Directed by Michael Patrick King. Starring Sarah Jessica Parker, Kristin Davis, Cynthia Nixon, Kim Cattrall, Chris Noth.
THE PLOT: We pick up where we last left the girls two years ago, Carrie having finally married the love of her life (Noth), and the other three also finding some kind of peace, love and happiness. Where to go from there? Well, how about some self-doubt? Or, if the budget can stretch to it, lots and lots of self-doubt. Charlotte’s not sure what it means to be a good mother. Miranda’s not sure what it means to be a good mother and a decent attorney. Samantha is worried about growing old. As for Carrie, well, naturally, she’s written a book, I Do, Do I?, all about marriage. Even though she’s only been married for two years. And then they all go to Abu Dhabi. Because they’ve been given a bigger budget this time out.
THE VERDICT: There’s very little to be said about this inevitable sequel, other than it’s every bit as good/bad as the 2008 big-screen outing. Most people will have made up their minds which long before they’ve entered the cinema, SATCgarnering the same kind of fevered, blinkered following as the Twilight franchise. Or dogfighting.
That first multiplex offering from Carrie and co. Surprisingly made over $400m at the box-office. This, after all, was based on a TV series that had wrapped things up four years before, bringing to an end 6 years of New Yorkers Carrie, Samantha, Charlotte and Miranda shopping, dating and generally trying to be as fabulous as possible.
It’s all not-actually-that-good, inane Xpose-esque banter, bickering and boy-baiting. Of course, anyone who’s ever swung a handbag at a bouncer is going to love it. And that includes the boys. RATING: **
Directed by Michael Lembeck. Starring Dwayne Johnson, Ashley Judd, Stephen Merchant, Seth MacFarlane, Julie Andrews.
THE PLOT: Johnson plays ace minor hockey star Derek Thompson, known for his teeth-removing tackles, and being something of a softy off the field. When he informs his girlfriend’s young daughter that the tooth fairy doesn’t really exist, one visit from Julie Andrews later, and Thompson’s on a two-week crash course in, yep, being a tooth fairy.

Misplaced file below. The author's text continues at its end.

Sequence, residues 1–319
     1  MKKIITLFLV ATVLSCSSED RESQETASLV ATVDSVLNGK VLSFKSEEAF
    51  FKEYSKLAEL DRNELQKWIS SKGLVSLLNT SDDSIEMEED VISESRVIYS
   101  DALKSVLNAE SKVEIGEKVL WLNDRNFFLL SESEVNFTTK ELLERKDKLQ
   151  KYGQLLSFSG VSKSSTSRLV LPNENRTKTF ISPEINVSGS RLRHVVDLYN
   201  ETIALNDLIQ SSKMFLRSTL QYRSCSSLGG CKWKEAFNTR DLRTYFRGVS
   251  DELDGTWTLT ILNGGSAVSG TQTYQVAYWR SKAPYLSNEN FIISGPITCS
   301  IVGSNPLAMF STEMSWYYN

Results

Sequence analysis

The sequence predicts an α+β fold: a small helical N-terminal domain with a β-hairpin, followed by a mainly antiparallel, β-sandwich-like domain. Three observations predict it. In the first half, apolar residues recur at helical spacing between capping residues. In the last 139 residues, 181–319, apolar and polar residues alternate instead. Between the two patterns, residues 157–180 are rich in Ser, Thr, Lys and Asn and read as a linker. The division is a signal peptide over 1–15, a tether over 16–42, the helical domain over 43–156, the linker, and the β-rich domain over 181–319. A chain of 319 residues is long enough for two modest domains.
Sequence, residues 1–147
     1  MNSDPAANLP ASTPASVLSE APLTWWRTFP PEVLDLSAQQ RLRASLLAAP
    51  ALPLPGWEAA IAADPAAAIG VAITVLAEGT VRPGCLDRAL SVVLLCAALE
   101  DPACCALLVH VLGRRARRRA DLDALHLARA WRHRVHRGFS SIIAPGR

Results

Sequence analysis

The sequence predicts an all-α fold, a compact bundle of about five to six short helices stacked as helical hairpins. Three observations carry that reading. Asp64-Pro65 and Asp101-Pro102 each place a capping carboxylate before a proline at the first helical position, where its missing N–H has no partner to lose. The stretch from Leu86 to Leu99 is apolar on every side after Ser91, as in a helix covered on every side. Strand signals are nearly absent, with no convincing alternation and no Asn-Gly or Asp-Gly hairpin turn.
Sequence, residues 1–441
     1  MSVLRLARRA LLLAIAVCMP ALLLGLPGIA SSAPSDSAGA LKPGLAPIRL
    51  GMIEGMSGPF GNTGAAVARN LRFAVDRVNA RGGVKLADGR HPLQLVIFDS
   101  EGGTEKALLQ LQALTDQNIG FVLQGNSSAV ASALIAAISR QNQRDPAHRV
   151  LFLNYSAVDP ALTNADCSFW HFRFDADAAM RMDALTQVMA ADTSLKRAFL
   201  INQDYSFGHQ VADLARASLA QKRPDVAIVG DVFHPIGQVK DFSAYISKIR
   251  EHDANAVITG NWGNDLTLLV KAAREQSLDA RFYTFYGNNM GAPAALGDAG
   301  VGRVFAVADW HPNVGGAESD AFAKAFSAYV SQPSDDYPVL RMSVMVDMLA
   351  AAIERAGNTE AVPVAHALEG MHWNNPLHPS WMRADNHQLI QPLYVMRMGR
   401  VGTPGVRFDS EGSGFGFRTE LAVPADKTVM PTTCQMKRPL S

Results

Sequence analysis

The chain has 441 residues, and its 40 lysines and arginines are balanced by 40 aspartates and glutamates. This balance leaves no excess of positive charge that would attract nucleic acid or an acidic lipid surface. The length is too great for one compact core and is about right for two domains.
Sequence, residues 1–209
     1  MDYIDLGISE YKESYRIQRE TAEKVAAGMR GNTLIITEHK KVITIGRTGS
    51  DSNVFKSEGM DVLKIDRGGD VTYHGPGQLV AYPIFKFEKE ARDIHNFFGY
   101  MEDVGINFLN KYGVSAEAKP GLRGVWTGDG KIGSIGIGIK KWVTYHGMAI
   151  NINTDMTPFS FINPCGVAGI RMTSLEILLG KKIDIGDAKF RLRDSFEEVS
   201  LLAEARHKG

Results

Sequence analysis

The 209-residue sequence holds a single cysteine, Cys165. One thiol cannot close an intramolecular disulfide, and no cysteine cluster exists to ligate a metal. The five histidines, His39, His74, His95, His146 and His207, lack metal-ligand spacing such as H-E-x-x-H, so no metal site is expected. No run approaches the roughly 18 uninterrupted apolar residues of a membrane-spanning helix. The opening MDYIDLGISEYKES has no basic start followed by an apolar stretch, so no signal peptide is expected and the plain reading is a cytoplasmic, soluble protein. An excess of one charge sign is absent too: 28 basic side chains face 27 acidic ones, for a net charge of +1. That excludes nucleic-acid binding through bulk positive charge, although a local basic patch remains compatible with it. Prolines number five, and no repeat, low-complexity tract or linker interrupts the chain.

THE VERDICT: Having made the unexpected leap from World Wrestling Federation icon to a much-loved and highly successful actor – thanks to the likes of The Scorpion King and Welcome To The Jungle – Dwayne ‘The Rock’ Johnson’s recent run of bad luck at the box-office has resulted in a retreat to broad family comedies.
Indeed, his last sizeable hit was 2007’s cuddly kiddie outing The Game Plan, and our boy is here firmly back in PG mode for a movie that’s kinda likeKindergarten Cop with wings on. Rainier Wolfcastle would be proud. It’s a sweet enough offering, but clearly one best suited to the very young. And the critically toothless, of course. RATING: **
Directed by Sylvain White. Starring Jeffrey Dean Morgan, Zoe Saldana, Chris Evans, Idris Elba, Jason Patric.
THE PLOT: A team of Special Forces operatives with silly names – such as Clay, Pooch and Cougar – head into deepest, darkest Bolivia to do a little contract killing. After their boss double-crosses our five heroes though – by toasting 20 children the team have just rescued – our boys decide to go it alone. Cajun style. Soon, they’re joined by the very fetching, and very angry, Aisha (Avatar’s Saldana) in their mission to bring down The Man.
THE VERDICT: Despite a hip cast, and a tried-and-tested plot, there’s something not quite right here. Based on a 1970s DC Comics strip, and coming across somewhere between a balls-out ’80s action thriller and a grindhouse special, The Losers failed to find an audience in the US. Which seems fitting, given that director Sylvain White never quite finds his feet here.
It’s like The Expendables without the reanimated action legends. Or Tropic Thunder without the irony. RATING: **
Directed by Juame Balaguero, Paco Plaza. Starring Jonathan Mellor, Manuela Velasco, Oscar Zafra, Ariel Casas.
THE PLOT: Life inside the quarantined building hasn’t gotten any easier, or less life-threatening, even with the inclusion of a virus specialist (Mellor) and a swarm of SWAT officers. With a cameraman yet again charting the unwilling prey’s every move, extra angles on the flesh-eating horror is provided by the mini-cameras situated on the SWAT team’s helmets.
THE VERDICT: Returning to let us know exactly what – or who – it was that kept going bump in the night, this Spanish horror sequel delivers plenty of short, sharp frights, but little else. Naturally, the door is left wide open for a third installment, but this particular franchise is already beginning to smell like it’s past its sell-by date. RATING: **
Directed by Christopher Smith. Starring Sean Bean, Eddie Redmayne, Carice van Houten, David Warner, Kimberly Nixon, Andy Nyman.
THE PLOT: Bean plays mighty knight Ulrich, leading a band of merry merciless warriors out of a plague-ridden, 14th century England in the hope of hunting down a sorcerer said to possess the powers to bring the dead back to life. Led by a nervous young monk (Redmayne), Ulrich and the gang eventually find the remote marshland village where their sorcerer lives, only to find the ample charms of a hot witch (van Houten) muddying the mission.
THE VERDICT: The man who just can’t say no to a good TV commercial, Sean Bean goes medieval on our asses once again in this gothic horror actioner. A fine movie, to be sure. If you’ve just returned from a medieval battle re-inactment, that is. Pete Jackson should take that sword back. RATING: **